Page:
Transportation in Kiev
The capital of Ukraine is a city whose transport system is composed of buses, trolleybuses, trams, metro and taxi. The best of all is the subway, for its safety and speed, so let’s start with it:
It is the best way to get around Kiev and the network has about 43 stations. This means of transport was inaugurated in 1960 and there are three lines. There is even a subway tunnel that connects both sides of the city. The lines are red, blue and green, 1,2 and 3, and it is the red line that has contact with the others. It works between 6 o’clock in the morning and at 12 o’clock at night. Peak hours are concentrated between 7 and 8am and 5 and 6pm. Here traveling by subway may not be pleasant so it is best to avoid them.
With regard to tickets you can buy one daily or a monthly pass. They are called token and allow to change the line. The bad thing is that the signs in the stations are written in Cyrillic and the staff does not speak English so do not forget to have a map at hand.
Trams and trolleybuses
Trams are one of the oldest means of transportation in the city but at the same time they are not so used today. They go through the center but there are only two lines in operation, one on each side of the city. In general, they use them to make the transfer to or from the suburbs. For its part the trolleybuses are old and slow so I would say that both transports are perfect if you want to take a scenic ride, nothing more. You can buy the ticket directly from the driver and in both costs the same. The monthly pass allows you to use any of these transports and the subway at the same time.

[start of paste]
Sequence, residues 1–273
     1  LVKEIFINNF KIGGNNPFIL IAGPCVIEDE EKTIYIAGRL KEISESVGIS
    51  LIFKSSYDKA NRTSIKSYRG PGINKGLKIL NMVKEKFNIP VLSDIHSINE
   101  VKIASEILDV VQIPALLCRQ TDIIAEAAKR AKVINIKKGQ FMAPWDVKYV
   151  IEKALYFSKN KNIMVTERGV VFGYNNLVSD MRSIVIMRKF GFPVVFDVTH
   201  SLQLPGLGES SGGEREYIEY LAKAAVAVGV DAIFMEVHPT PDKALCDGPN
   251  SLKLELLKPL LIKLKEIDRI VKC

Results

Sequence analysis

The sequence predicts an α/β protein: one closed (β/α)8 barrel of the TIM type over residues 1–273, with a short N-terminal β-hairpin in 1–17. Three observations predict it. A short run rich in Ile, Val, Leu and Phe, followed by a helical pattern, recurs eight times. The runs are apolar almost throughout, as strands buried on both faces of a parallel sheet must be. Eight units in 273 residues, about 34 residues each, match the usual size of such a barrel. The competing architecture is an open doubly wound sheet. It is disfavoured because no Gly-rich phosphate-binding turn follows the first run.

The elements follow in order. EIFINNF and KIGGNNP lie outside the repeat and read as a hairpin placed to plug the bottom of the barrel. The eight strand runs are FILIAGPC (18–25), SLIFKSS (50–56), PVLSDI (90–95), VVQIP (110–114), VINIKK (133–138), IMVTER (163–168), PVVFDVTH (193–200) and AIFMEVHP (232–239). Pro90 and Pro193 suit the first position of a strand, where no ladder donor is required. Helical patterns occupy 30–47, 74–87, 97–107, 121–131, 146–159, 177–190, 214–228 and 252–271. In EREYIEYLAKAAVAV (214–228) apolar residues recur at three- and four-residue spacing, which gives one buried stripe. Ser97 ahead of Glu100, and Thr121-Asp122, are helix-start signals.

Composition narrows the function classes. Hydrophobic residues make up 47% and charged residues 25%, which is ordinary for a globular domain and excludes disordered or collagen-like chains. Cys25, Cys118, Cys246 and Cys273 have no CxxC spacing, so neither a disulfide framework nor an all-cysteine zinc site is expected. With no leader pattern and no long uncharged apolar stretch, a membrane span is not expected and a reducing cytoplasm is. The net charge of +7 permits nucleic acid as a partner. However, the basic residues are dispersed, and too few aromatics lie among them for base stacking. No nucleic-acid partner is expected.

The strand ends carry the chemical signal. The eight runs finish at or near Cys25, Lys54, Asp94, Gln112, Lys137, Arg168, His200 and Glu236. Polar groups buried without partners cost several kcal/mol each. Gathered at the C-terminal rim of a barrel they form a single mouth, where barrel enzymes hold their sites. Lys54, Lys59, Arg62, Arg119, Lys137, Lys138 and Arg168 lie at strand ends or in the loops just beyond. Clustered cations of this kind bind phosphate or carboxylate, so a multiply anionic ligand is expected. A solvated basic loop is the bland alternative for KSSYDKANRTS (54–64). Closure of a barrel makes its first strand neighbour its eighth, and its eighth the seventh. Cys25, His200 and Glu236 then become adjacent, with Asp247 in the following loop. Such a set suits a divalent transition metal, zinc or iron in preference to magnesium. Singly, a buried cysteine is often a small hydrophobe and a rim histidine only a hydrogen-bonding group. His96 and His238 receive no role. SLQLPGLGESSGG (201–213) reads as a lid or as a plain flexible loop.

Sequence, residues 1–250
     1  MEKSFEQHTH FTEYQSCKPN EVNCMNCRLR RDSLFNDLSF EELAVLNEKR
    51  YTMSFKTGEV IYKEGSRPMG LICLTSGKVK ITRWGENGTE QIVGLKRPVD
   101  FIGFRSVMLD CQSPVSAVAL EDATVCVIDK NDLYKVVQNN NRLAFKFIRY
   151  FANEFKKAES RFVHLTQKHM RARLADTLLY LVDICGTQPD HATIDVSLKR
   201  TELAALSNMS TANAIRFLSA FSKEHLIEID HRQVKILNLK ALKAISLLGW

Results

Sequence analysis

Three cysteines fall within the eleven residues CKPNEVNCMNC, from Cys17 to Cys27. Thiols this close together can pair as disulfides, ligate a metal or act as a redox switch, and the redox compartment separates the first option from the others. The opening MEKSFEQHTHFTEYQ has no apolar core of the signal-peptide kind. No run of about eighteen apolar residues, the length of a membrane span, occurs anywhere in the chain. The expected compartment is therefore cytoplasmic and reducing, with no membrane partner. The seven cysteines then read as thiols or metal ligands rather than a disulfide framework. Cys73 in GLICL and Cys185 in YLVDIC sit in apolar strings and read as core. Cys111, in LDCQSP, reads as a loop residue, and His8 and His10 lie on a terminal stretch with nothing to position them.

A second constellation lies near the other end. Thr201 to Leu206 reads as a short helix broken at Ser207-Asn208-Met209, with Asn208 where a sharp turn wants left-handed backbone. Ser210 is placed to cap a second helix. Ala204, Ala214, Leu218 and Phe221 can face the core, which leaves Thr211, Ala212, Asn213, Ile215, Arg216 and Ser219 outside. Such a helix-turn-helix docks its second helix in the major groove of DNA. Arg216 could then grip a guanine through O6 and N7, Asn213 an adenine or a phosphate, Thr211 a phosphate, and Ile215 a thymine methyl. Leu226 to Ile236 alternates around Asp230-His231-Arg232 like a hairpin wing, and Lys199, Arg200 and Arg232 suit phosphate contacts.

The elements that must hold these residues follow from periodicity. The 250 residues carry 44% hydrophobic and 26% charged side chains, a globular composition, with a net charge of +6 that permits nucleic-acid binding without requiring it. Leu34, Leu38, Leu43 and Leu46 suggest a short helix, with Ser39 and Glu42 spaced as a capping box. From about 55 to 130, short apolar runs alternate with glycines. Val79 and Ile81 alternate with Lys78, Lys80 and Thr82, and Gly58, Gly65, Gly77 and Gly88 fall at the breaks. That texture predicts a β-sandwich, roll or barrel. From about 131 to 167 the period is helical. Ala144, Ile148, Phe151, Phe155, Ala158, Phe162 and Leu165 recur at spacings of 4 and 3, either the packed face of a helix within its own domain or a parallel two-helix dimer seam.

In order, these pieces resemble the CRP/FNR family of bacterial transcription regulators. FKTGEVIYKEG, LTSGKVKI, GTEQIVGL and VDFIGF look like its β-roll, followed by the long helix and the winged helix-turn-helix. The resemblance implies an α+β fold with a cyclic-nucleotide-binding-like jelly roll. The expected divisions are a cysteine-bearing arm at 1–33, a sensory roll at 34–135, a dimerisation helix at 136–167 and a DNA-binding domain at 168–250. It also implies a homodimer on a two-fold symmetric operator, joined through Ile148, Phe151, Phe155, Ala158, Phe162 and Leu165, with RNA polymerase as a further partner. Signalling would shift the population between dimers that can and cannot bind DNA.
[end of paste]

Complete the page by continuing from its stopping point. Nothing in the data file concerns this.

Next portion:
The Kiev bus fleet is modern because the city has invested heavily in it so there are no old buses. They are cheap and that’s why they always carry people. You can buy the ticket to the driver or at the stop and there are also monthly passes. You must validate the ticket because otherwise you pay a fine. There are also private buses that run almost the same routes and are a bit more expensive but faster and more comfortable.
These are green, yellow or white minibuses that move throughout the city. They work like taxis and you can stop them almost anywhere. You pay the driver or someone who is by your side, maybe a family member, but it is said that you are subject to their character. If the driver is a kind and responsible subject, you will not have problems to stop where you indicate or help you a bit, otherwise, you are free to your good faith. When the minibus is complete it does not stop anymore and if there are many people it is not very comfortable.
These minibuses were born to move at night but they became very popular in all the countries of the former Soviet Union.
Kiev is connected to other European cities by train and the central station is located in the very center of the city next to the Vokzalna metro station. In 2001 it was totally renovated and today it looks very modern. To move around the country the train is a reasonable option although foreigners usually pay more expensive tickets.
There is an urban train that is relatively new and stops at fourteen stops around the city in 50 minutes. It works between 6am and 9:30 am and between 4:30 and 8pm with a frequency of around 15 minutes.
There are many taxis and private cars circulating in the streets of Kiev and to stop them you just have to make a gesture with your hand up. Private cars generally cost less than an official taxi, but you should bear in mind that drivers do not speak English, the vast majority, and that they can cheat you.